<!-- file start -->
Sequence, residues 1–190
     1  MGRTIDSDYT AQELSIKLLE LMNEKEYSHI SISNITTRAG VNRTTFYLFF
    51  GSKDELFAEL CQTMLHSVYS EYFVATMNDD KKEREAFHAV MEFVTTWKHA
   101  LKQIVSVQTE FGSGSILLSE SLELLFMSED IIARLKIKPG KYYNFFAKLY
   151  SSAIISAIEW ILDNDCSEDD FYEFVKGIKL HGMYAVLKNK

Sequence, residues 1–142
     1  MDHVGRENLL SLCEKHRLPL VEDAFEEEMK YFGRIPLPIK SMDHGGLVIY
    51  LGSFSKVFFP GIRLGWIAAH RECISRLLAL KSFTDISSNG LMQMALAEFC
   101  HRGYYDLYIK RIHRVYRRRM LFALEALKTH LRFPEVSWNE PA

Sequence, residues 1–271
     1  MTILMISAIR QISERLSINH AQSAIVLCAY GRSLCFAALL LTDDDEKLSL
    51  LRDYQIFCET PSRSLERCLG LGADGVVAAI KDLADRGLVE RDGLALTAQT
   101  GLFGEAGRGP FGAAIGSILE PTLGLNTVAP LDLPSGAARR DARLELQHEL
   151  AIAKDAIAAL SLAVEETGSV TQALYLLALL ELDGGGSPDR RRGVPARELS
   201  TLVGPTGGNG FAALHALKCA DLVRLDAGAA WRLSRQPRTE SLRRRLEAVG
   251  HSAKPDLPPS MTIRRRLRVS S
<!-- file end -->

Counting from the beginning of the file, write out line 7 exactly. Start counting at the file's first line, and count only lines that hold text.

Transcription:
     1  MDHVGRENLL SLCEKHRLPL VEDAFEEEMK YFGRIPLPIK SMDHGGLVIY